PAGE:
Dry Eye Syndrome: A Review
DR. MOHNISH GOPAL.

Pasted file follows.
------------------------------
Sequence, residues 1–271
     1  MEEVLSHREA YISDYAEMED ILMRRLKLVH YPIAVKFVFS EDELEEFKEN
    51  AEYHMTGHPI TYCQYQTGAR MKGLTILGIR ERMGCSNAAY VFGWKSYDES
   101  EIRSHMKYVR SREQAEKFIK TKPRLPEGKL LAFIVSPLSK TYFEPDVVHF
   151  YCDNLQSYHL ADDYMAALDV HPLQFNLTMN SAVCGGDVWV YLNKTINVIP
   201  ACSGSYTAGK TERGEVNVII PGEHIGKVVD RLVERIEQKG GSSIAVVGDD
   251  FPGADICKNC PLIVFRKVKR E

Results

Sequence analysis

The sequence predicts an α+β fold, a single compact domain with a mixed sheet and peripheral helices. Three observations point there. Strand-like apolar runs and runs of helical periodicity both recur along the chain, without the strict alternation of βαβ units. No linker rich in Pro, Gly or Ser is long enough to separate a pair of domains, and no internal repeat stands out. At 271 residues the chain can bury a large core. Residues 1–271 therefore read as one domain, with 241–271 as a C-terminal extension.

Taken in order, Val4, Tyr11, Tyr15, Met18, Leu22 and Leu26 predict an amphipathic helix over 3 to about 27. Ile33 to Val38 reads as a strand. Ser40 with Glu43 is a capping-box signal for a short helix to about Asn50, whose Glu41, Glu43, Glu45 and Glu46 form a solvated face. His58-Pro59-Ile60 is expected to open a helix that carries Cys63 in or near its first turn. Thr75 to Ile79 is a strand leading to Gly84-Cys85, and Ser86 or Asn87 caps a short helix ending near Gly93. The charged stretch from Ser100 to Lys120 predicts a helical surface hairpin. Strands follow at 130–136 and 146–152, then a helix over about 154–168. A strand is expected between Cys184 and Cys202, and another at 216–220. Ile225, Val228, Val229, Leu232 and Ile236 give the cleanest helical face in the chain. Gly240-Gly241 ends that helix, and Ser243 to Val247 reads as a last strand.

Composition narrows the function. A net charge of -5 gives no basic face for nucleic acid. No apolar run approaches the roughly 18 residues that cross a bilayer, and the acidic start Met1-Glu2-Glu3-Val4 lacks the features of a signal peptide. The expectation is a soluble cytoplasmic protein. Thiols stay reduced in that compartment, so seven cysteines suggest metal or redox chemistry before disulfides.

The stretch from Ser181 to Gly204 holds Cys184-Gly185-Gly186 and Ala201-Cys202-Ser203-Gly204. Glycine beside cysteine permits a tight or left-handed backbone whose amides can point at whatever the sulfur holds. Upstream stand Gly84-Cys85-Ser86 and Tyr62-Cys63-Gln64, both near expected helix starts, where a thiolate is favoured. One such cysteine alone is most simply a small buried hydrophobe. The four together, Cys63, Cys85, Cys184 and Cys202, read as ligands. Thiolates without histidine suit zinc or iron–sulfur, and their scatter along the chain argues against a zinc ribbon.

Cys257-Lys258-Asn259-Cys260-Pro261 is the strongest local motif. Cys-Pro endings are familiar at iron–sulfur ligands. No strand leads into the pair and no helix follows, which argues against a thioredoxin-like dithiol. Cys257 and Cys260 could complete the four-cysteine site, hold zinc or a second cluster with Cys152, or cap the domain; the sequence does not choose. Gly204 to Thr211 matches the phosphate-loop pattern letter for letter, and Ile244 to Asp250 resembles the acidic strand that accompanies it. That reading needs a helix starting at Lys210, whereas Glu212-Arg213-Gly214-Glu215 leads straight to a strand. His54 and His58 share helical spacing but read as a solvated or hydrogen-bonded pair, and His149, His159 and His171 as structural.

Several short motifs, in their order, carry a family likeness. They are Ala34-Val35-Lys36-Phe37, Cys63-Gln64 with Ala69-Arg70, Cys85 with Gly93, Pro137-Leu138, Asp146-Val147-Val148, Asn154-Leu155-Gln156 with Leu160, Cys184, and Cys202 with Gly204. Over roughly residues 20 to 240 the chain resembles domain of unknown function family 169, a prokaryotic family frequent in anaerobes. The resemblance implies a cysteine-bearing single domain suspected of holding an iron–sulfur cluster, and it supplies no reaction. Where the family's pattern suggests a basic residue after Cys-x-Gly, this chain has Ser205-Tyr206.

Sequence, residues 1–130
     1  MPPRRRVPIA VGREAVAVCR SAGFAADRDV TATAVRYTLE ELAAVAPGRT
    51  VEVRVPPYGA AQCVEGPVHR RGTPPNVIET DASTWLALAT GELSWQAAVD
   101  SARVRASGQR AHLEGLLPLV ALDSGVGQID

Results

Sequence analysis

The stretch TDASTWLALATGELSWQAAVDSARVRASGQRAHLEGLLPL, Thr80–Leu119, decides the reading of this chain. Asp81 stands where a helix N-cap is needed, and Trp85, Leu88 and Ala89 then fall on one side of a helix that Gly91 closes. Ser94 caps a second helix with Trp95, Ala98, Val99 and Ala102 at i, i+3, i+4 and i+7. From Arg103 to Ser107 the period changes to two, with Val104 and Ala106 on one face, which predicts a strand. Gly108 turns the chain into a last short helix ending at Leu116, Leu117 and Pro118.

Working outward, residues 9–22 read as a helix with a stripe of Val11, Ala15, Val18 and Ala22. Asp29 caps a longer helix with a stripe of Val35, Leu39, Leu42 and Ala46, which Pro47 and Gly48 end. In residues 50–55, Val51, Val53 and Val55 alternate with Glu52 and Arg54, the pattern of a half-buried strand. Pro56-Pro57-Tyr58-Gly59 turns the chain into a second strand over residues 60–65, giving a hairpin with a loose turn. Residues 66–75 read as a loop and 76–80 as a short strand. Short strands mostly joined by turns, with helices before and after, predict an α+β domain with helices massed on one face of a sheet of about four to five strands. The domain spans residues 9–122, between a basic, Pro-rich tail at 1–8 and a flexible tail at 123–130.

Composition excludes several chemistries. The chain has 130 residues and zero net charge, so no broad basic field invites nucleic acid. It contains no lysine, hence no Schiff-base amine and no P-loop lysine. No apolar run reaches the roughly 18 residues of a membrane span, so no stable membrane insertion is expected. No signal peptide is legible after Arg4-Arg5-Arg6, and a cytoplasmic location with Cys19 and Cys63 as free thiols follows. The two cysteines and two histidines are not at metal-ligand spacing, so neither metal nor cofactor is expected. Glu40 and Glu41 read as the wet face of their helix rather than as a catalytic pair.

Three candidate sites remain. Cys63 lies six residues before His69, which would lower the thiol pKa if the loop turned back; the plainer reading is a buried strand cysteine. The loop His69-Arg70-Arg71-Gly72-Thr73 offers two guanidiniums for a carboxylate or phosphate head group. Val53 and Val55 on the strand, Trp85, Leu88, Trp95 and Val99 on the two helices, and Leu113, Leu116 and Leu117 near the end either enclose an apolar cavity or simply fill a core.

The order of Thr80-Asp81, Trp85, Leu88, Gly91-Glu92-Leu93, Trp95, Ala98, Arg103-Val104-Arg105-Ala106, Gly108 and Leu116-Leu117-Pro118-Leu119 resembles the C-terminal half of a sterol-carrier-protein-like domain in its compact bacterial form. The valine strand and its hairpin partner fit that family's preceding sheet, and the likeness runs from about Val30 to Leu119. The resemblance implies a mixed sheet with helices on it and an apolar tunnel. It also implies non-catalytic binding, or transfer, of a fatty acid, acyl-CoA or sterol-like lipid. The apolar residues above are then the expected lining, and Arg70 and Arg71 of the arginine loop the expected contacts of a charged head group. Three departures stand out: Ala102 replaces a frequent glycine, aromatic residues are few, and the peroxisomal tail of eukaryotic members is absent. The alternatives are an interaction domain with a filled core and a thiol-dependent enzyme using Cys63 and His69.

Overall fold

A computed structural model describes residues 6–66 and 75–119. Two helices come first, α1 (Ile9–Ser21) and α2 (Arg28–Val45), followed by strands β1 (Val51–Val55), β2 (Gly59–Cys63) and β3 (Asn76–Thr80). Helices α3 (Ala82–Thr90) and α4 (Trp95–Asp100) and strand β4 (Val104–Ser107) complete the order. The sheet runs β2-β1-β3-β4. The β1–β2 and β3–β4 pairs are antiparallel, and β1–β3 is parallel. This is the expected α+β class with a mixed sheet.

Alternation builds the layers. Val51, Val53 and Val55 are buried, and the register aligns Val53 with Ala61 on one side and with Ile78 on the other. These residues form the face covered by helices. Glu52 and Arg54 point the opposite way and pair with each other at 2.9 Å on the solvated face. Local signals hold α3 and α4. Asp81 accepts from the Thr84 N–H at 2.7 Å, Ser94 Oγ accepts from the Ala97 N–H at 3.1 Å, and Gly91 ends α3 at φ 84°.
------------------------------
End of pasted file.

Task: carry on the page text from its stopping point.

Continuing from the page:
Dry eye syndrome is a recent discovery in the group of distinct treatable ocular diseases. This condition has been observed to be increasing wildly in the recent past due to civilizational changes. Dry eye is also referred to as tear film instability, a condition that typically develops from deficiencies of one or more components of the biologically complex pre-ocular tear film. Tears are composed of three layers: the outer oily, lipid layer, the middle watery, lacrimal layer, and the inner mucous or mucin layer. Each layer is produced by a different part of the eye for example, the lacrimal gland produces the lacrimal layer. Therefore, a problem originating in any part of the eye can result in dry eyes. Clinically, dry eye cases represent a mixed picture of an allergy, an infection, and either drug or chemical toxicity. Therefore, dry eyes are often considered to be an accompaniment of Spring Catarrh, Follicular/ Trachomatous conjunctivitis, Glaucoma, Aphakia, and so on in clinical practice. Dry eye conditions are classified into those with adequate aqueous tear production and those with aqueous tear deficiency. Lacrimal gland tear production can be determined clinically by means of a Schirmer test without anaesthesia (Schirmer 1) or by other more sophisticated tests for the evaluation of aqueous tear production and turnover. Certain specific pathological tests can differentially diagnose cases with aqueous tear production and aqueous tear deficiency. The market availability of artificial tear solutions or ocular surface wetting/lubricating eye drops have played a significant role in the management of dry eye.